Life’s Many Goodbyes

Recently, our family has to had to learn how to say “goodbye” to some people in our lives. My wife’s uncle died this month, at the way-too-young age of 66. And this week, we said goodbye to a nephew who had been living with us for the past six months.

Isn’t it interesting that we even use the word “goodbye” when someone leaves? What’s good about goodbye?

The answer, it seems, is in history, and the history of language. The use of the word “goodbye” goes back to the 16th century — and began as the phrase “God be with ye.” As the phrase was used, it got shortened, and over time “God be with ye” became “Goodbye.”

Which means: what is good about goodbye is not that we let someone go, but that we let them go with God. Goodbye is good in the sense that God is still God, and He is still with the person we love — even when we cannot be. So, when we say goodbye to someone until we see them next week or next year — we do so entrusting them to God’s care. And when we say a bigger goodbye — the biggest goodbye — that comes when death separates us from someone we love, we do so entrusting them to God’s eternal care.

This doesn’t mean we ever get good at saying goodbye. On an episode of the show “CSI: New York,” one of the cops befriends Ruben, a ten-year-old kid from his apartment building. They go do an activity together, and on the way home, the cop notices a thief escaping the scene of the crime. He tells Ruben to go straight home, and then he begins to chase the criminal. Tragically, Ruben gets caught up in the chaos, and is killed.

Two detectives who work with the cop wrestle with how to comfort their friend: “What do I say?” one of them asks. “I’m not good at this kind of thing.”

“Just tell him you’re not good at this kind of thing,” her friend tells her.

I don’t think we ever get good at saying goodbye. And the bigger the goodbye, the harder it is. But because of Jesus — because of Easter — because we have hope, goodbye is not the same as The End. For even in our goodbyes, even in our biggest goodbye, we have a promise — that God really is with us through all our goodbyes.

You see, because of Easter, we can say goodbye. We can say, “God be with ye,” because through the death and resurrection of Jesus, we come to experience God’s presence — the kind that no separation can end. Not even the separation of death.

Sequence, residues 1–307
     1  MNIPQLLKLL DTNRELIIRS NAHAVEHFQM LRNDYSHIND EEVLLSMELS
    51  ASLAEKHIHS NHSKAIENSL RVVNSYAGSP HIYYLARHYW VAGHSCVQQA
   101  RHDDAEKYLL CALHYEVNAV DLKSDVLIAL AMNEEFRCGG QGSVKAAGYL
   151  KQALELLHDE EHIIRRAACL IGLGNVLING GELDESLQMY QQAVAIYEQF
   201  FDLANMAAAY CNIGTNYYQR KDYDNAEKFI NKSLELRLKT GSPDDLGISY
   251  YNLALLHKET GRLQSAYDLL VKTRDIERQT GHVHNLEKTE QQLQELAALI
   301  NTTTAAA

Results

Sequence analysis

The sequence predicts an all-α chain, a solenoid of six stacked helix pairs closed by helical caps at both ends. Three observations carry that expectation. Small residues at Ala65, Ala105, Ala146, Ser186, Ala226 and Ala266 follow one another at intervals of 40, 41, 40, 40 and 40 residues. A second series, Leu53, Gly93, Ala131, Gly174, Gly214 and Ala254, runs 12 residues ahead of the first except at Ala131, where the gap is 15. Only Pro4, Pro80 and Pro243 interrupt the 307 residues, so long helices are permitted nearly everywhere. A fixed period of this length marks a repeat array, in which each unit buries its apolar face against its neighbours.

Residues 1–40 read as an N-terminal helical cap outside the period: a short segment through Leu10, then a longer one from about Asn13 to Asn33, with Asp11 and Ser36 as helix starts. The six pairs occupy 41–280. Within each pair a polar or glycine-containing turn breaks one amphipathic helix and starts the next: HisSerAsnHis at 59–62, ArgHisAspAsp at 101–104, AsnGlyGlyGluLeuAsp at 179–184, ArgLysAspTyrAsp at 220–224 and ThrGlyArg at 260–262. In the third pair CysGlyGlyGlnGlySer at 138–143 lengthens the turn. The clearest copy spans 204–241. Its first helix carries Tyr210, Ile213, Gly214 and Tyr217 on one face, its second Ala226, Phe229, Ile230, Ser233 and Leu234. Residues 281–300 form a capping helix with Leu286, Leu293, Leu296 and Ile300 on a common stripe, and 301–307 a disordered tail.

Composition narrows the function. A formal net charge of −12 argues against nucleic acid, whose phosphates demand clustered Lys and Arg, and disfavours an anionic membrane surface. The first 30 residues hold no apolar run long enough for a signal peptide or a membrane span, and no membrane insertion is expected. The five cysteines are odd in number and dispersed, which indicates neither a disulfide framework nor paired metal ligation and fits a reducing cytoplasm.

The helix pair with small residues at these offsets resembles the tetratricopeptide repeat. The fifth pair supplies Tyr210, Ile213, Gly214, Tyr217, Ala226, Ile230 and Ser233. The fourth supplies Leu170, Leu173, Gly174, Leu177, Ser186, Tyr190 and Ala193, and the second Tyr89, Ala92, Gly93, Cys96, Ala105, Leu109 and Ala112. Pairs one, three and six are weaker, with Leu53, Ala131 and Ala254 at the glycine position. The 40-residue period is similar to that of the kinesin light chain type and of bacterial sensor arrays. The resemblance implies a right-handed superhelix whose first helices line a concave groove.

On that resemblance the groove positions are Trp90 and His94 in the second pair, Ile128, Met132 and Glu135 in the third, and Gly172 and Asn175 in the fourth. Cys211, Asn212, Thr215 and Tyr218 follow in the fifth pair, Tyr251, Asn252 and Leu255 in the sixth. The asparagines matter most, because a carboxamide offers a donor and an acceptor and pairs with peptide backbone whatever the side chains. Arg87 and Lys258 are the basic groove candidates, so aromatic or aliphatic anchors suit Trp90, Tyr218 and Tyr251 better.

The Berlin Wall & What Really Lasts

On August 13, 1961, a wall sprang up overnight. For nearly 30 years, it would be a symbolic and physical reality that separated the city of Berlin — and, in fact, the West and the East. The Berlin Wall felt imposing; in fact, was imposing. How could anyone, on either side of the wall, deny its reality? How strong and lasting must it have been to have 96 miles of concrete and steel that said: Keep out!

But it didn’t last. On a surprising night in November, 1989, a gate was opened at Bornholmer Street (itself a fascinating story), and as fast as it went up, it just as quickly came down. And the gate went from being an imposing reality to a relic and reminder.

The truth is, so much in life is like the Berlin Wall. It feels overwhelming, unmovable, permanent.

Sometimes it is the work of our hands. We work so hard on our careers, our families, our houses, our reputation, our legacy, that we sometimes grow to count on them. Look at what we have built; how can it fall?

But other times, what seems unstoppable is not what we do, but what happens to us: the finances that fail, the job that falls apart, the future plans that never materialize, the loved one who walks out, the health condition that bottoms out. Look at what is happening; how can I make it through this?